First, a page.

The big picture: While the metaverse seems to solve some contemporary problems, such as delivering practical presentations with quasi-physical objects in a work-from-home scenario, it does lend to some dystopian connotations. The movie The Matrix and the comic book Peace of Mind both warn that the AIs and corporations controlling the metaverse do not necessarily have humanity's wellbeing at the top of their priority list.

The metaverse seems to be the next in-thing in the tech world. Everybody is talking about it, and seemingly every Big Tech company wants in on the ground floor. Mark Zuckerberg is so enthusiastic about the metaverse he changed Facebook's name to "Meta."

For those unfamiliar with the metaverse idea, the concept is to create a virtual universe within the real universe where people can interact without leaving their homes. Think of work meetings with avatars that can move around a virtual room instead of Zoom meetings (below). Coupled with NFTs, metaverse denizens can even "own" things that do not exist.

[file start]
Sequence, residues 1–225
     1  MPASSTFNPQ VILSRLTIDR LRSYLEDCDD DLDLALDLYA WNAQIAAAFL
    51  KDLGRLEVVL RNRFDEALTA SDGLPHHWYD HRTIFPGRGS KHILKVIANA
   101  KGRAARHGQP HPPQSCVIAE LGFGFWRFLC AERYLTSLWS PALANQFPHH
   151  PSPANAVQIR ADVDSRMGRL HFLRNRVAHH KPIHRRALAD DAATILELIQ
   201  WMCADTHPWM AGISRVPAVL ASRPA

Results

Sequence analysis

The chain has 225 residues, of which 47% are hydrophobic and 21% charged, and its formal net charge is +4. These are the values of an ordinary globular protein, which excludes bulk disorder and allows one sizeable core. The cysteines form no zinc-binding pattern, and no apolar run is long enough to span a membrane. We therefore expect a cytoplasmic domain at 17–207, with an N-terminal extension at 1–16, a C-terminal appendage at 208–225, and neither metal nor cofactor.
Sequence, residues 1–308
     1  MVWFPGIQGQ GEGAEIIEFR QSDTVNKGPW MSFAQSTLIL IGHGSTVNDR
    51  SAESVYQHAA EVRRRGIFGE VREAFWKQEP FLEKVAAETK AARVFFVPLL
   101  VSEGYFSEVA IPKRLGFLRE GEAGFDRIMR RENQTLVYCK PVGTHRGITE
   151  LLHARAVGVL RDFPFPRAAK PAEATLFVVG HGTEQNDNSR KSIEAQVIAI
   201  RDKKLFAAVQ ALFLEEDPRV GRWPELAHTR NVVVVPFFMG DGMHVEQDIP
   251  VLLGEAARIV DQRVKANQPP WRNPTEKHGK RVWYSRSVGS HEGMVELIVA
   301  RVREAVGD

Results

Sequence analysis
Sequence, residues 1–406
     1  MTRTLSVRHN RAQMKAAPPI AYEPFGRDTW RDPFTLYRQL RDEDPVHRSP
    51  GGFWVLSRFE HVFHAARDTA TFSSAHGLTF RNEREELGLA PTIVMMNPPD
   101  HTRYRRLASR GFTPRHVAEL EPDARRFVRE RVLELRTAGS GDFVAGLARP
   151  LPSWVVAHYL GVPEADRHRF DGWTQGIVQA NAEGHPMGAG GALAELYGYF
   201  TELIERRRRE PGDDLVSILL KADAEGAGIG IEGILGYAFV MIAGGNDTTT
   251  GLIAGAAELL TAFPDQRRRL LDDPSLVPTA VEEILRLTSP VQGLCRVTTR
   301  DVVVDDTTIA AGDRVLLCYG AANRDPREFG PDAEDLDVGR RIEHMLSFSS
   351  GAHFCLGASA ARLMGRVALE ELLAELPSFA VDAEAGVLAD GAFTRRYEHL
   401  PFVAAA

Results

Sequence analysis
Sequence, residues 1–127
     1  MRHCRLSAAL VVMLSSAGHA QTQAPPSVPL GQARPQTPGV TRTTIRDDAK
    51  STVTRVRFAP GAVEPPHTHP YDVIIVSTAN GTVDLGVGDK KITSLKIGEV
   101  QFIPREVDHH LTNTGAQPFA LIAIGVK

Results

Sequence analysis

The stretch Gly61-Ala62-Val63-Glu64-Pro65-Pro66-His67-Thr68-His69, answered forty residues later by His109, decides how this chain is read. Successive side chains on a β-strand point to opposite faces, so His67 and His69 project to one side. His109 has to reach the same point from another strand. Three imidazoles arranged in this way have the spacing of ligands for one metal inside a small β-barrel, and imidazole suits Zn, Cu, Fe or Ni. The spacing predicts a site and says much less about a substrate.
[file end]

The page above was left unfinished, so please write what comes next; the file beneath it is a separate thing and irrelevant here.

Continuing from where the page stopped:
However, not everyone is onboard the metaverse train. Ken Kutaragi, the inventor of the PlayStation and former CEO of Sony's gaming division, told Bloomberg that he couldn't see the point of a "quasi-real" world.

"Being in the real world is very important, but the metaverse is about making quasi-real in the virtual world, and I can't see the point of doing it," said Kutaragi in an interview. "You would rather be a polished avatar instead of your real self? That's essentially no different from anonymous messageboard sites."

The "Father of the PlayStation" also finds VR headsets "annoying" because they cut users off from reality.

"Headsets would isolate you from the real world, and I can't agree with that," he said. "Headsets are simply annoying."

Kutaragi is now the CEO of artificial intelligence startup Ascent Robotics, which is actually doing the opposite of Facebook/Meta. Ascent is working on technology that turns real-world objects into machine-readable data. The company just finished a round of funding with a $1 billion investment from Kutaragi's prior employer Sony.

Kutaragi, who is currently waiving his salary at Ascent, says "off-the-shelf" hardware will not cut it for his goals. His team will use the funds raised to build a robotics platform from scratch, including software, sensors, and machines.